The skull contains the sinus cavities, which are air-filled cavities lined with respiratory epithelium, which also lines the large airways. The exact functions of the sinuses are unclear; they may contribute to lessening the weight of the skull with a minimal reduction in strength,or they may be important in improving the resonance of the voice. In some animals, such as the elephant, the sinuses are extensive. The elephant skull needs to be very large, to form an attachment for muscles of the neck and trunk, but is also unexpectedly light; the comparatively small brain-case is surrounded by large sinuses which reduce the weight. The meninges are the three layers, or membranes, which surround the structures of the nervous system. They are known as the dura mater, the arachnoid mater and the pia mater. Other than being classified together, they have little in common with each other. The paranasal sinuses are eight (four pairs) air-filled spaces, or sinuses, within the bones of the skull and face. ... Respiratory epithelium is another name for ciliated pseudostratified columnar epithelium with goblet cells. ... Genera and Species Loxodonta Loxodonta cyclotis Loxodonta africana Elephas Elephas maximus Elephas antiquus † Elephas beyeri † Elephas celebensis † Elephas cypriotes † Elephas ekorensis † Elephas falconeri † Elephas iolensis † Elephas planifrons † Elephas platycephalus † Elephas recki † Stegodon † Mammuthus † Elephantidae (the elephants) is a family of pachyderm, and the only remaining family in the order Proboscidea... The meninges (singular meninx) are the system of membranes that envelop the central nervous system. ... The Human Nervous System. ... The dura mater (from the Latin hard mother), or pachymeninx, is the tough and inflexible outermost of the three layers of the meninges surrounding the brain. ... The Arachnoid mater is one of the three layers of the meninges, interposed between the dura mater and the pia mater and separated from the pia mater by the subarachnoid space. ... [www. ...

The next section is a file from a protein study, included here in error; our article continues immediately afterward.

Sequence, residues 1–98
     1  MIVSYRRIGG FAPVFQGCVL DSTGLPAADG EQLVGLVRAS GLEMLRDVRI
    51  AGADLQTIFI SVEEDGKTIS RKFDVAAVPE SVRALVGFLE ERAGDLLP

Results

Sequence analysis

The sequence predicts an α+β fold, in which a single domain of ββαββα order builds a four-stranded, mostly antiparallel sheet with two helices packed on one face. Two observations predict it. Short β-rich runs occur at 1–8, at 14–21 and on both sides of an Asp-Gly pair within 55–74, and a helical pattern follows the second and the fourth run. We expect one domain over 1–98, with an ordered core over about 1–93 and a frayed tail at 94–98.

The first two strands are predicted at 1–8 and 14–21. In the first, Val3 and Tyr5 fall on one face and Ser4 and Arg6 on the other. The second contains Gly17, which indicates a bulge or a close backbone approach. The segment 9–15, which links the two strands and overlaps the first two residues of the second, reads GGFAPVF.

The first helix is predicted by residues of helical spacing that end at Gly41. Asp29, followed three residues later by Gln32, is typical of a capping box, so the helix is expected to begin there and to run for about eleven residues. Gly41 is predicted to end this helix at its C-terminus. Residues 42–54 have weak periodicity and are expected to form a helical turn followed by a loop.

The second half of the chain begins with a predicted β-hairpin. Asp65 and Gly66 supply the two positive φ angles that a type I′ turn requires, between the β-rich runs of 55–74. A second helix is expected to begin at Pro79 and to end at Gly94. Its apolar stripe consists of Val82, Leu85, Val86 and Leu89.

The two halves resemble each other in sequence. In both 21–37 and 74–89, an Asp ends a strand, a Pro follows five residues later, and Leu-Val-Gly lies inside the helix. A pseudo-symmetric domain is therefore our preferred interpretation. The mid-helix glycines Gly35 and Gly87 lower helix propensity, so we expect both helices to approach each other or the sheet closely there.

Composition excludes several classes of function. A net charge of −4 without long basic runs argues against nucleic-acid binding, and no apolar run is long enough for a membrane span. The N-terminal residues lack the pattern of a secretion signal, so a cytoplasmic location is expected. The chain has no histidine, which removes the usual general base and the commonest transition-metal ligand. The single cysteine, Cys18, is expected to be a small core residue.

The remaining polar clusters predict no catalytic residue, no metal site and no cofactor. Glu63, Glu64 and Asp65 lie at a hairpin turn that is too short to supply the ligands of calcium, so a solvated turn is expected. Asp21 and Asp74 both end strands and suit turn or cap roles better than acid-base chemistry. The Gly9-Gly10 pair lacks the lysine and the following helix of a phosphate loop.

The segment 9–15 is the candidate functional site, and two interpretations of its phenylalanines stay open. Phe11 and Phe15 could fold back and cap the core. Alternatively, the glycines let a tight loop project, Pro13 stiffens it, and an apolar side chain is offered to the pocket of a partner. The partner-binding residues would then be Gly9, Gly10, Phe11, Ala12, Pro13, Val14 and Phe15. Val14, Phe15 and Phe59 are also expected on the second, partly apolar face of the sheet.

In humans, the anatomical position for the skull is the Frankfurt plane, where the lower margins of the orbits and the upper borders of the ear canals are all in a horizontal plane. This is the position where the subject is standing and looking directly forward. For comparison, the skulls of other species, notably primates and hominids, may sometimes be studied in the Frankfurt plane. However, this does not always equate to a natural posture in life. The anatomical planes The anatomical position is a schematic convention for describing the relative morphology of the human body. ... The Frankfurt plane (also called the auriculo-orbital plane) was established at the World Congress on Anthropology in Frankfurt, Germany in 1884, and decreed as the anatomical position of the human skull. ... In anatomy, the orbit is the cavity or socket of the skull in which the eye and its appendages are situated. ... The ear canal (external auditory meatus, external acoustic meatus), is a tube running from the outer ear to the middle ear. ... For the ecclesiastical use of this term, see primate (religion) Families 13, See classification A primate is any member of the biological order Primates, the group that contains all lemurs, monkeys, and apes, including humans. ... Genera Subfamily Ponginae Pongo - Orangutans Gigantopithecus (extinct) Sivapithecus (extinct) Subfamily Homininae Gorilla - Gorillas Pan - Chimpanzees Homo - Humans Paranthropus (extinct) Australopithecus (extinct) Sahelanthropus (extinct) Ardipithecus (extinct) Kenyanthropus (extinct) Pierolapithecus (extinct) (tentative) The Hominids (Hominidae) are a biological family which includes humans, extinct species of humanlike creatures and the other great apes...


Possible types of skull fractures

Main articles: Skull fracture, tripod fracture, and LeFort fracture

A skull fracture is a break in one or more of the bones in the skull caused by a head injury. ... The tripod fracture, also called the zygomaticomaxillary complex, is composed of a set of fractures including the lateral orbital wall, inferior orbital floor, and the zygomatic arch. ... LeFort fractures (also spelled as Le Fort fractures) are types of facial fractures that are classic in trauma. ...

Animal skulls

Temporal Fenestra

This Tyrannosaurus skull shows it was a diapsid
This Tyrannosaurus skull shows it was a diapsid